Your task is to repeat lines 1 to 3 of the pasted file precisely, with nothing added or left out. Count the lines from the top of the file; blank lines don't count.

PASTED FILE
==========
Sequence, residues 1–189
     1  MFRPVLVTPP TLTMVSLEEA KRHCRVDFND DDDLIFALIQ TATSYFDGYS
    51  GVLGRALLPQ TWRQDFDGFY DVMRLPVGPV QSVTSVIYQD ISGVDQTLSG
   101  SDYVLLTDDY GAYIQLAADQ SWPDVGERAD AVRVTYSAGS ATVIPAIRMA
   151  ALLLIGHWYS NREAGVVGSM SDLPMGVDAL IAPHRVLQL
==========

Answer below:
Sequence, residues 1–189
     1  MFRPVLVTPP TLTMVSLEEA KRHCRVDFND DDDLIFALIQ TATSYFDGYS
    51  GVLGRALLPQ TWRQDFDGFY DVMRLPVGPV QSVTSVIYQD ISGVDQTLSG